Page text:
First you hear a continuous high note, generated by a sound generator from the time of the in 1958 established GRM (Groupe Recherche Musicales; the research centre of sound and electro-acoustic music, under guidance of Pierre Schaeffer), of which Jarre once was part of. Then, a tape-loop sets in, which functions as rhythm. This evolves into a rhythm created by the Korg Minipops. A tranquillent Arp 2600 arpeggio, followed by chords partially from the Eminent 310 (the organ with Jarre's recognisable strings sound).
The typical 'Air'-sound of the piano and vocoder set the trend for the rest of the track. The further progress of the very atmospheric track, recalls the atmosphere of Jarre's "Gloria, Lonely Boy", from the album "Metamorphoses" (2000). The track could easily have been part of the Air-album "Moon Safari" (1998), but perhaps even more of "Premieres Symptomes" (work from the period 1995-1997). Later in the track there can be heard a 'Theremin'-like sound from the EMS VCS3, and some other sounds of which Jarre made a lot of use in the 70s.
One of my absolute favourite tracks, "Close Your Eyes", is one of the tracks on this album on which the styles of Jarre and the collaborating artist / band seem to be perfectly in balance. This track is a must for all Jarre-fans who definitely need a portion of new material with elements of "Oxygène" and "Equinoxe".
|JMJ & Vince Clarke.|
"Automatic (part 1)" starts with recognisable Vince Clarke sequences and leads, as known from 'Yazoo' and 'Erasure'. Mellotron strings fade from the distance and bells melody reminds me of the "Aero"-intro of "Chronologie 6".
You can hear from the melody-lines and sequencing that Jarre and Clarke for a large part share the same musical interests.
5) Automatic (part 2) (JMJ & Vince Clarke) - 2:59
After 3 minutes we reach the half of this dual piece. A tempo acceleration takes place, and the track merges flawless into "Automatic (part 2)". The strong main melody is being introduced instantly. The uptempo track sounds like a mix of the title track of "Aero" and "Chronologie 6", and could have easily been part of "Oxygene 7-13" (1997).
After hearing the parts with Clarke, the only question that comes in mind is: When will these two gentlemen join to record an entire album together?
|JMJ & Victoria Hesketh (Little Boots).|
"If..!" is the collaboration between Jarre and electropop singer-songwriter and DJ from Blackpool, Victoria Hesketh (aka Little Boots).
It is a catchy pop song about a friendship (eventually, 'If we have the time, and nothing on our mind') in the current modern time, where everybody is 'busy saying nothing' with their mobile phones, social media, etc.
The track contains some near-shoddy elements, such as a Venga Boys-like lead sound, but on the other hand the composition is more mature than you would expect with the term 'pop song'.
All ingredients for a potential hit single are present, and with the running remix competition for this track, we could suggest the record company selected "If..!" for an upcoming commercial single.
But this has not been confirmed. At least a winning remix will be selected to appear on the upcoming digital "Remix EP 2" before the end of the year.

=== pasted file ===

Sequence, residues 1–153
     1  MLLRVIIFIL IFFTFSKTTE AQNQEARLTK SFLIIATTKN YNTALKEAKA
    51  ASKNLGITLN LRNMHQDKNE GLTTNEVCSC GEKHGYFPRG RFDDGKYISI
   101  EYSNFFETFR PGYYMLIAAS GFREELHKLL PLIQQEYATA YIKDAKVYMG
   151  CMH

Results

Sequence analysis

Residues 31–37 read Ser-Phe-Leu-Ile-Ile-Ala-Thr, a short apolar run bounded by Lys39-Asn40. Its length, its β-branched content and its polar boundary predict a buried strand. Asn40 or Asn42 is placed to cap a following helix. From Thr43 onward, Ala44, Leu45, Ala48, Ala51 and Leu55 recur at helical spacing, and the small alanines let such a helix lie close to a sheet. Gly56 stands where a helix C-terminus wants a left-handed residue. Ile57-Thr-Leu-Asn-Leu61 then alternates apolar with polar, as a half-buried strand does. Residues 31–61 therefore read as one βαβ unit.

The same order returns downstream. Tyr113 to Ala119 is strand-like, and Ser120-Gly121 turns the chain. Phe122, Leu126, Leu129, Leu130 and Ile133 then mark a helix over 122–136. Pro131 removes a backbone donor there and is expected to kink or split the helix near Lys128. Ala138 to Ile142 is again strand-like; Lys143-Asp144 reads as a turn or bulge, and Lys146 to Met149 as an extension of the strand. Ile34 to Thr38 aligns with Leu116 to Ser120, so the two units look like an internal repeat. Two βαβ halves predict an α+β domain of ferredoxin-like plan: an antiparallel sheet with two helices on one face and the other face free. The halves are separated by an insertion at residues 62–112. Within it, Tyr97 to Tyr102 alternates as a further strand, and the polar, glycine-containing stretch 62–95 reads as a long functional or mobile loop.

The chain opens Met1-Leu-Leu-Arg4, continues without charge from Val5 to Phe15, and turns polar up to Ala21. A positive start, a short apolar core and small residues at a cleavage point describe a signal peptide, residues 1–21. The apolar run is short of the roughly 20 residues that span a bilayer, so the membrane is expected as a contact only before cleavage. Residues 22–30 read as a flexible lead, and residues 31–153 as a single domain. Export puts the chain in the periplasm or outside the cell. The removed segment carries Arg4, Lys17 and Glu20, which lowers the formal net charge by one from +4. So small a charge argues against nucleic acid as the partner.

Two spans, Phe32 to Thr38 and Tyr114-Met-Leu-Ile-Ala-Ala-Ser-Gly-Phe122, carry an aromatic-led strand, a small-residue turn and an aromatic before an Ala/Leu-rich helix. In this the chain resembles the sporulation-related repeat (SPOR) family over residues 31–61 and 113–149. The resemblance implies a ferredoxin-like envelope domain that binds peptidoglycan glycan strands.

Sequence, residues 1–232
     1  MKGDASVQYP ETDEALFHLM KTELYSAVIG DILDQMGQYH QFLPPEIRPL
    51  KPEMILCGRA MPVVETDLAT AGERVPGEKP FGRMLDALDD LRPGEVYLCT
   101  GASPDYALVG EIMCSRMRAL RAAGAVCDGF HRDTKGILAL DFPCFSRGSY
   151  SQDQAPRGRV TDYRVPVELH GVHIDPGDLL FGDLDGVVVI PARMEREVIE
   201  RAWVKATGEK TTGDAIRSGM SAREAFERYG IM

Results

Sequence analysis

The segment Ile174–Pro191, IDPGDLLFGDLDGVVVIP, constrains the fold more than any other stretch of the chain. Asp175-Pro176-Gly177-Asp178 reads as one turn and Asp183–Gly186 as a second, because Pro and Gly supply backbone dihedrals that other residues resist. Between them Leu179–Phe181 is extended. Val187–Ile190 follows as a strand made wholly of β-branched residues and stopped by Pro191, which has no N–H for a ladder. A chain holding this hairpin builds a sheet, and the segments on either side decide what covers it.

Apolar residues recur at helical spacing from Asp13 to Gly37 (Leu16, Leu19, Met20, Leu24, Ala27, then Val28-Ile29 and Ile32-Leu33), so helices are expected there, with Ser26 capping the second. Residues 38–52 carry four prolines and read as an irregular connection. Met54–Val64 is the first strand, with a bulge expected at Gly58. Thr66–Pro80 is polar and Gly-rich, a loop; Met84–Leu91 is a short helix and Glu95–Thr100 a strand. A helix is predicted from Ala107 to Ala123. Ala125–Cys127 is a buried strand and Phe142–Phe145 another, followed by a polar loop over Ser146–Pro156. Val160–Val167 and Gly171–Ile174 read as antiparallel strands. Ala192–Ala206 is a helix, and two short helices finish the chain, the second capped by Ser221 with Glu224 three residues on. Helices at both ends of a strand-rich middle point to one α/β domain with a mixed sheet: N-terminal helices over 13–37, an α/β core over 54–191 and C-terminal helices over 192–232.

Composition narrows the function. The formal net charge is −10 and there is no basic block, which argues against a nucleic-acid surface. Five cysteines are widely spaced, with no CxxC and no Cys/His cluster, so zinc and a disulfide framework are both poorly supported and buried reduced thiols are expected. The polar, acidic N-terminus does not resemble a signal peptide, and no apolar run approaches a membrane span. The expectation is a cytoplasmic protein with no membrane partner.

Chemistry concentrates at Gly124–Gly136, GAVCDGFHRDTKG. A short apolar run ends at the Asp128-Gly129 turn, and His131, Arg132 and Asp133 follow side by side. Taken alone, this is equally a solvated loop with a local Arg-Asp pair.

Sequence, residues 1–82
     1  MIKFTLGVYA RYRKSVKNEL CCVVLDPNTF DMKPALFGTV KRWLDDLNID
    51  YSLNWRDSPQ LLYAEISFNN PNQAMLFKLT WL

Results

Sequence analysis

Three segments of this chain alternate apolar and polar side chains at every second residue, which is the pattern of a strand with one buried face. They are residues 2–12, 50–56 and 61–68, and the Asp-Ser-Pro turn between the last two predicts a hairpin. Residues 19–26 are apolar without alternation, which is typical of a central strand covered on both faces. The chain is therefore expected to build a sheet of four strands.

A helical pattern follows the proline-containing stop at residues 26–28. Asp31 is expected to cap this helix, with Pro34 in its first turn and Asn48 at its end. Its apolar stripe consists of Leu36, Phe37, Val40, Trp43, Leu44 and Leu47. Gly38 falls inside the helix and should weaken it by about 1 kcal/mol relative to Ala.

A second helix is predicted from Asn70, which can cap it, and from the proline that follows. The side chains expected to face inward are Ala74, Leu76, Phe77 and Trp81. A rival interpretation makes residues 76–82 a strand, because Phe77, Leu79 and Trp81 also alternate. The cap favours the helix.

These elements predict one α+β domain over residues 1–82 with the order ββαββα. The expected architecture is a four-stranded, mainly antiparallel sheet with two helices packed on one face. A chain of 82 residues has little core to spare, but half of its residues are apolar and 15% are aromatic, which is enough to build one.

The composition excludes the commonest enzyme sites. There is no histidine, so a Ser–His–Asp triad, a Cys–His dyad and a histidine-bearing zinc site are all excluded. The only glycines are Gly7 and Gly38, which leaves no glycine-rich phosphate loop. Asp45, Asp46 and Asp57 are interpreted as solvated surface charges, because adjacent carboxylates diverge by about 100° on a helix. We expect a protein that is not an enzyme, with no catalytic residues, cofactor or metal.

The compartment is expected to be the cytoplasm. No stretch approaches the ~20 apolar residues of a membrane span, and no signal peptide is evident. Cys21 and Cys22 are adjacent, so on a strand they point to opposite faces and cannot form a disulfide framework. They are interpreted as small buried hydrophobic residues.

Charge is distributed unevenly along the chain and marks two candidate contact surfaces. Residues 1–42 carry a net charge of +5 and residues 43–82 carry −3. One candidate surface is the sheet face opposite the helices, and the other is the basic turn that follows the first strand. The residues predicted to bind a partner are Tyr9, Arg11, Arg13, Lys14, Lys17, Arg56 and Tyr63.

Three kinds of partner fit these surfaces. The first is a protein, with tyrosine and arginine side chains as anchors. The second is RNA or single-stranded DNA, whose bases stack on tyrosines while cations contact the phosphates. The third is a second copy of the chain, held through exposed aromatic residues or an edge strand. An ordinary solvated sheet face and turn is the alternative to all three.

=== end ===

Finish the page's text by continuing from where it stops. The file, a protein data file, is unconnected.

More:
|JMJ & Andrew Hung (Fuck Buttons).|
This track sounds like a transition and sort of moment of rest, in between the first and second part of "Electronica 1".
Dark and grainy pads are to be heard at the beginning of "Immortals". Then, an arpeggio is introduced, which nears the sound and structure of Guru Josh's house classic "Infinity" from 1990.
Despite the fact that Andrew Hung and Benjamin John Power are already active as Fuck Buttons, since 2004, I am barely familiar with the work of this experimental music duo, which also come from the same city as the (further on mentioned) pioneers of trip-hop, Massive Attack.
The lingering beat and arpeggio are murmuring nicely, while the energy within the track is being increased in a subtle way, for the largest part by progressions within the drums.
Halfway there is a break containing sounds from something like a rusty hammock chair. Hereafter the last part of this track goes loose. Optimally making use of the energy of the energetic drum-breaks and the exciting course of the pad-chords, to let the track work towards a climax.
|JMJ & Moby.|
Who loves Moby's albums "Play" and "18", is perhaps also going to appreciate "Suns Have Gone". Although this again is another wicked track, it lacks a directly noticable musical input from Jarre.
The construction of the track and sounds are for a large part typical Moby. Besides the use of electronica, the famous veganist from New York is playing guitar, and takes care of the vocals. The effect processing of the vocals results into a dramatic and melancholic character of the track. The vocal line is telling a story, and prefectly alternates with the instrumental parts within the track. While the story about the less happy side of love progresses, the vocals are getting more intense and more exciting, leading to a climax. Moby ends with the words "I loved everything that was here", after which the chords fade away.
|JMJ & Mike Lévy (Gesaffelstein).|
The second single of "Electronica 1" is a collaboration between Jean Michel Jarre and - the for me unknown - Gesaffelstein. He made remixes for artists like Tiga, Miss Kittin and Lana Del Rey. He also produced for Kanye West. No little names.
Mike Lévy (aka Gesaffelstein) is fellow-hometown compatriot (both were born in Lyon) of Jarre. He also is the youngest collaborator (30 years) on this project.
"Conquistador" points to the Spanish term for 'conqueror', which was a soldier, explorer, and adventurer from the 15th-17th century.